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text 2017-05-14 16:53
The Sunday Post: Clachnaben

Happy Sunday!

 

In a spontaneous turn of events, a couple of friends invited me to join them on a hike yesterday. I was at their house waiting for the tow truck to take my broken down car to the garage when they came up with the idea of walking up one of the many, many, many hills around this part of the world. So, of course, I was delighted - even tho the prospect of getting up early for outdoorsy exercise after a night of drinks and nibbles (it was Eurovision night last night!) was a bit daunting. 

 

I needn't have worried. I woke up freakishly early (you know that waking feeling when you're trying to decide whether a hangover will develop or not?), made sandwiches and coffee, and dug out my hiking boots.

 

I haven't been hiking properly for about two years (and am not the fittest of people), so this really was a bit daunting but the company was great and we got there early enough to have a lot of time to make our way up the hill.

 

 

Clachnaben (Gaelic for "rock on the hill") looks pretty impressive but it is still classed as a "hill", not a munro. The ascent, however, was pretty challenging - well, it was for me - and changed between wide paths to very narrow ones on the edge of steep slopes, from smooth to rocky steps and rubble.

 

 

By the time we made it to the top, I was done for.

 

 

The views made up for the effort, tho:

 

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review 2017-01-14 22:23
Listening To Dust - Brandon Shire

This was another awesome buddy read with my equally awesome friends Josy, Christelle & Lisa. While this was actually a re-read for me, having read it for the first time almost 2 years ago, it turned out to be no less of an emotional read now than it was then. I definitely stand by my original review.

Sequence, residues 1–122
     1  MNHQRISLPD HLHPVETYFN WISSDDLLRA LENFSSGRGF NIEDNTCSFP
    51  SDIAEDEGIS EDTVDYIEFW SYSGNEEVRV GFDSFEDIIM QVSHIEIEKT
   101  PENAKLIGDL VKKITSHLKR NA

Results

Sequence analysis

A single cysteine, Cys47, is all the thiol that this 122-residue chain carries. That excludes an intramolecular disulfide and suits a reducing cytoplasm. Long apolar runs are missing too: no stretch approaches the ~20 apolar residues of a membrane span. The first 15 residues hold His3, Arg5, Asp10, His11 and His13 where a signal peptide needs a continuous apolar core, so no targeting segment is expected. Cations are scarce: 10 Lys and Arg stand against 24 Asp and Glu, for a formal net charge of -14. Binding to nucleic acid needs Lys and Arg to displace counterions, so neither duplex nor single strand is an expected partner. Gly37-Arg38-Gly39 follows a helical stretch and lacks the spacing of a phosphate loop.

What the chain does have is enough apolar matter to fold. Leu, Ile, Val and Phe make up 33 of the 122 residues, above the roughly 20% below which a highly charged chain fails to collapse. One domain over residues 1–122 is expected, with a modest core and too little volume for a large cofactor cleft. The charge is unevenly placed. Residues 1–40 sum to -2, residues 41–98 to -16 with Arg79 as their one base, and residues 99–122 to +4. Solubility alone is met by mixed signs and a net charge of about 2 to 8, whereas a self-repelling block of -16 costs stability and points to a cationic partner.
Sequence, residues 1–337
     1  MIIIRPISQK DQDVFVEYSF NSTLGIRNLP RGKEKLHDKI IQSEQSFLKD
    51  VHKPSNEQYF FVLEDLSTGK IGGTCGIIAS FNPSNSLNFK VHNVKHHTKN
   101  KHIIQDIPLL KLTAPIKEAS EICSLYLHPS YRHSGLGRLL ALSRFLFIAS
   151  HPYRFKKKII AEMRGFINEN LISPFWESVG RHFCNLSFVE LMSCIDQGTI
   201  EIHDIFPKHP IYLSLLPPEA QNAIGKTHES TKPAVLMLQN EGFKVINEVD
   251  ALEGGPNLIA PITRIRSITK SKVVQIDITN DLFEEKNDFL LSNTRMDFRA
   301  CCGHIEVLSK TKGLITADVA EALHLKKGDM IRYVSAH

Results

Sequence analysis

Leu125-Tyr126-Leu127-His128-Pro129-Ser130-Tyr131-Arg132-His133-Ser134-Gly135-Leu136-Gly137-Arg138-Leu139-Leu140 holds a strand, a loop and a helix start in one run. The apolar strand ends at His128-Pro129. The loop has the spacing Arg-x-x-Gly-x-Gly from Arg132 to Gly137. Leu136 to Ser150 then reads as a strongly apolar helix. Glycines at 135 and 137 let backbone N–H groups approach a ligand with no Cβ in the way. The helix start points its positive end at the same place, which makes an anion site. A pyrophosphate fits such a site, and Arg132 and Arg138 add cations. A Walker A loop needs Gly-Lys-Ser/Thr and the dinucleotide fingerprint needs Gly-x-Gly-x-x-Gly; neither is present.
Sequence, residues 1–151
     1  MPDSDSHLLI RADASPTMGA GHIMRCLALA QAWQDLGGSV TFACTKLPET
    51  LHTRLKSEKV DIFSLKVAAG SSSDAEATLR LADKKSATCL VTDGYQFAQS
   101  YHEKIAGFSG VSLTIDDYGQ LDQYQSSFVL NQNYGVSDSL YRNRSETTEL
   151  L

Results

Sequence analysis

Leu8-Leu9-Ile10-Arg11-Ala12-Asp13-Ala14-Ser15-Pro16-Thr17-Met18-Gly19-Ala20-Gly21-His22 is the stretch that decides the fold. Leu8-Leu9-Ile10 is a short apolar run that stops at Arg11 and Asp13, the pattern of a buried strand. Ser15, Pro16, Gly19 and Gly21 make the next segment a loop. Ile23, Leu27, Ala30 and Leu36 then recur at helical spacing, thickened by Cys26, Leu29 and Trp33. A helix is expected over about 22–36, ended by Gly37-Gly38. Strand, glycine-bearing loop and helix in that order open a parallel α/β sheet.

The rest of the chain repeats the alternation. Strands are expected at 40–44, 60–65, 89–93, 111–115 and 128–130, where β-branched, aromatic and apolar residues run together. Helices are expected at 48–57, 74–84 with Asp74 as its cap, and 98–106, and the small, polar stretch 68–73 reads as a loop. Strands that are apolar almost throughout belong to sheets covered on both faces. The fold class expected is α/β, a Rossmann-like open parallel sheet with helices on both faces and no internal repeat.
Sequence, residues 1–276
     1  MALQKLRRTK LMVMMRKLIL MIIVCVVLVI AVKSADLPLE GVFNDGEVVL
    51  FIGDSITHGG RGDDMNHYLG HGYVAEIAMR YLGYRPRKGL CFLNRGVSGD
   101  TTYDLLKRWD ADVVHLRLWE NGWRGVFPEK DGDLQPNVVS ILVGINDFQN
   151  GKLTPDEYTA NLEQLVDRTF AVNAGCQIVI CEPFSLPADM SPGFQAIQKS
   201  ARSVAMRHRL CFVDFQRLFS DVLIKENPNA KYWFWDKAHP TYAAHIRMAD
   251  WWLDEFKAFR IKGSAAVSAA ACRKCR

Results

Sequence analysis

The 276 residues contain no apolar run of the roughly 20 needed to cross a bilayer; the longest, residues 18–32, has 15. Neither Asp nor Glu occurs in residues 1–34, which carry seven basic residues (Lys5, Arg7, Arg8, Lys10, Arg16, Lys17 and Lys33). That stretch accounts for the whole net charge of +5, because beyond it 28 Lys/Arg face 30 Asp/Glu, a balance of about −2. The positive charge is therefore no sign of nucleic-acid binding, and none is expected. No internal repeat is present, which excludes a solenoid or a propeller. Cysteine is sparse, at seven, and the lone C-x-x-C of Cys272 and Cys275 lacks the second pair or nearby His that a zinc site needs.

Book Review: Listening to Dust

 

While I loved re-reading this book. I have to admit I was grateful for its brevity and I honestly don't think it's something that I will do again. This is not a cute, light or fluffy story it is heart breaking and I'll be the little puddle of goo over in the corner hugging her teddy and trying to piece herself back together again. Thanks & hugs to my awesome friends for doing this with me. I'll see you in two weeks over at Josy's place for our next buddy read, right? Life After Joe by Harper Fox yes, there will be more tears but ladies I promise the ending is totally worth it.

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review 2016-04-16 20:30
Teaching My Mother How to Give Birth
Teaching My Mother How to Give Birth (mouthmark series) - Warsan Shire

The first boy to kiss your mother later raped women

when the war broke out. She remembers hearing this

from your uncle, then going to your bedroom and lying

down on the floor. You were at school.

 

Your mother was sixteen when he first kissed her.

She held her breath for so long that she blacked out.

On waking she found her dress was wet and sticking

to her stomach, half moons bitten into her thighs.

I might need a minute to gather my thoughts and put into words the feelings I have right now...

Well...This was a phenomenal collection of poetry. I can honestly say that I haven't read anything like this before.

Each poem is a tale. A horrific, very graphic tale. Warsan Shire, the author, is a Kenyan-born Somali poet, who now lives in London. Her words about immigration need no comments:

They ask me how did you get here? Can’t you see it on my body? The Libyan desert red with immigrant bodies, the Gulf of Aden bloated, the city of Rome with no jacket. I hope the journey meant more than miles because all of my children are in the water. I thought the sea was safer than the land. [..] I hear them say go home, I hear them say fucking immigrants, fucking refugees. Are they really this arrogant? Do they not know that stability is like a lover with a sweet mouth upon your body one second; the next you are a tremor lying on the floor covered in rubble and old currency waiting for its return. All I can say is, I was once like you, the apathy, the pity, the ungrateful placement and now my home is the mouth of a shark, now my home is the barrel of a gun. I’ll see you on the other side.